What’s The Deal With Scabs, Anyway?

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Scab

We’ve all had scabs at some point or another in our life. We got a cut, had surgery, scratched ourselves, or something else. Either way, a scab has formed. And the younger you are the more likely you are to remove the scab. But the best thing to do is leave it. As tempting as it is, the scab is actually working hard at keeping your wound from getting infected. But let’s go back a little and talk about what a scab actually is. Cool?

The Story Behind Scabs

Picture this, it’s a beautiful Saturday afternoon and you’re out on a hike in Knox Mountain Park and a tree branch scratches your leg. No big deal, you keep going. But by the time you get to your car, you notice the blood has dried up and by the time you get home, the blood has already started forming a scab where the branch cut you.

The Science Behind Scabs

Immediately once the branch cut your leg, different types of blood cells swarmed the area by attacking any foreign bodies that may have entered (and could potentially create an infection) and by starting to create a scab to cover the area.

Scabs are created when special blood cells called platelets which act like a sort of adhesive or glue to the affected area and form a clot. Similar to the blood clots that form inside your body (that are bad because they block blood from getting across them), these blood clots are actually good. By clotting, your blood is creating a protective barrier that prevents you from continuously bleeding and also prevents microbes from entering your body from the point of the cut. Blood clots are full of fibrin cells which is what keeps the clot together.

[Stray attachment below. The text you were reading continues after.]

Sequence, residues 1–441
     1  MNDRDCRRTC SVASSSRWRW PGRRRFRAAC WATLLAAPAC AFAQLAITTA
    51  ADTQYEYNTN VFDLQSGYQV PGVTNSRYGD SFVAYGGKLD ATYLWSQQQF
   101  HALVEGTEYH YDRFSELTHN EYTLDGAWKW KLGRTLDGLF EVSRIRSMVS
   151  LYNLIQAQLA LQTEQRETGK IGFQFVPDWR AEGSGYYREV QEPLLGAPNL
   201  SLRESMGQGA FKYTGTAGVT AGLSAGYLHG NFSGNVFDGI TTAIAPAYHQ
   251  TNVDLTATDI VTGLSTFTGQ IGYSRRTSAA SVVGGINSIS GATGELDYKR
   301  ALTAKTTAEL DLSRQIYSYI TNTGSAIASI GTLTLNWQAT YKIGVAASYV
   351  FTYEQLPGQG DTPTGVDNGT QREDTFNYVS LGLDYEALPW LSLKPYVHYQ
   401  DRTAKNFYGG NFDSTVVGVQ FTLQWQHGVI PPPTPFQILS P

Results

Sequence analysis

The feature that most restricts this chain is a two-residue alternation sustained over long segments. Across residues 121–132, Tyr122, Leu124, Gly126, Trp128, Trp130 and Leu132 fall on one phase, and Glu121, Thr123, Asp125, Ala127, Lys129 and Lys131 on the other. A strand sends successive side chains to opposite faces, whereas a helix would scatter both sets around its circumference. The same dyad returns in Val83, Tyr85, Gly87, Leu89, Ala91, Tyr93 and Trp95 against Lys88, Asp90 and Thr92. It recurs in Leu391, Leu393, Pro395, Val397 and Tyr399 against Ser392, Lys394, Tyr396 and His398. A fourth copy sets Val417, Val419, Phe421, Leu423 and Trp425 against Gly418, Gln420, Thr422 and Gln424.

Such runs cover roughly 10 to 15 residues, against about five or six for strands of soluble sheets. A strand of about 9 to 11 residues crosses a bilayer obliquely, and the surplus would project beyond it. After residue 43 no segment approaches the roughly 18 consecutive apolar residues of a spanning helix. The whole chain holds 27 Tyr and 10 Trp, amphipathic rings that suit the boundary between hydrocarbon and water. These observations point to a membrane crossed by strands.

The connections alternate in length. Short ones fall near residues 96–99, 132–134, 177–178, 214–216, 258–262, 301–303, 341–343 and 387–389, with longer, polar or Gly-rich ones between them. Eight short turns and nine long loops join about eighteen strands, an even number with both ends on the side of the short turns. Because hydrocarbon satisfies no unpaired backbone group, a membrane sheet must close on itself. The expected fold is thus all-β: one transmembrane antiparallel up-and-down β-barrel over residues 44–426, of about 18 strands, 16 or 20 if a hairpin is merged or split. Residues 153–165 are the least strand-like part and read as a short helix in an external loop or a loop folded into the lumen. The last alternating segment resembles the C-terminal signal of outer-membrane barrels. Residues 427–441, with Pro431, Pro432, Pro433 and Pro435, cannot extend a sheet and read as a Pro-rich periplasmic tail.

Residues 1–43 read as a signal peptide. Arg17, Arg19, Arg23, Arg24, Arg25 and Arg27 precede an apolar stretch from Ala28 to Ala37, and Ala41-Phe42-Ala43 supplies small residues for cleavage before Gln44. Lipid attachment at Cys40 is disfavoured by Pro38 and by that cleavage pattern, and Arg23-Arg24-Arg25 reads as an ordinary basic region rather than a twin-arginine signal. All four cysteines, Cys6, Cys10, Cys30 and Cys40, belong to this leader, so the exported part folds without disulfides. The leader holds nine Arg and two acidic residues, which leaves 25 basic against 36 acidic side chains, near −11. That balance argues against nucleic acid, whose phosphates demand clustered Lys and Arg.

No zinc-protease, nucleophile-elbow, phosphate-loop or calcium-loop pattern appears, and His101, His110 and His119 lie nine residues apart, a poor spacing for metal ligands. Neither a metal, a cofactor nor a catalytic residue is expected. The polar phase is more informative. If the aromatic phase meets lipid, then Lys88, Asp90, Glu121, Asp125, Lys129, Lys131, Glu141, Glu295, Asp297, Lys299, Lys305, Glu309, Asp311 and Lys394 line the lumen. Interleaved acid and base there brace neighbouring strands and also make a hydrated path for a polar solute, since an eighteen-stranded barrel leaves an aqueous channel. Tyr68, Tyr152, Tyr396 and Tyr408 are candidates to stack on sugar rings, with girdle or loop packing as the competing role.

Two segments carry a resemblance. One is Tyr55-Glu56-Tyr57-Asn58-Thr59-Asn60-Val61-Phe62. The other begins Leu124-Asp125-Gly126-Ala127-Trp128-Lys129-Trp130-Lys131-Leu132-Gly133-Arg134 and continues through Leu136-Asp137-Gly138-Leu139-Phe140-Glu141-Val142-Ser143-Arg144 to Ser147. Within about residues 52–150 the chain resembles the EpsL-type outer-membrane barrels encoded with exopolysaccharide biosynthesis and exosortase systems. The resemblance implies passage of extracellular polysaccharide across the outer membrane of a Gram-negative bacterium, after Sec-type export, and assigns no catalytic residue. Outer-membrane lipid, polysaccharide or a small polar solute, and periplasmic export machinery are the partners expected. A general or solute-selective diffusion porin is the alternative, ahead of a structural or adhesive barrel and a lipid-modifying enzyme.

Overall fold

Once the blood clot dries up (depending on the size it could take as little as minutes or as long as hours), this creates a scab. Scabs are usually dark red or brown (because it’s blood after all), and they appear to be crusty. The job of the scab is to be a protective shield between the outside world and the cut so that the collagen in your skin can start to mend the cut skin.

Warding Off Infection

Just like the platelets, white blood cells arrive on scene when you first get cut to defend the area from any potential bacteria that may enter and cause infection. These white blood cells will attack any germs that managed to get into the cut, they remove any dead blood or dead skin cells that resulted from the cut. But don’t worry, when all is said and done, you’ll have a new layer of skin in that area.

The End Is Nye

If you’ve managed to not pick off the scab, it will fall off on its own, revealing new, fresh skin in its place. Depending on the how badly you cut yourself, this can take a week or two, or possibly more.

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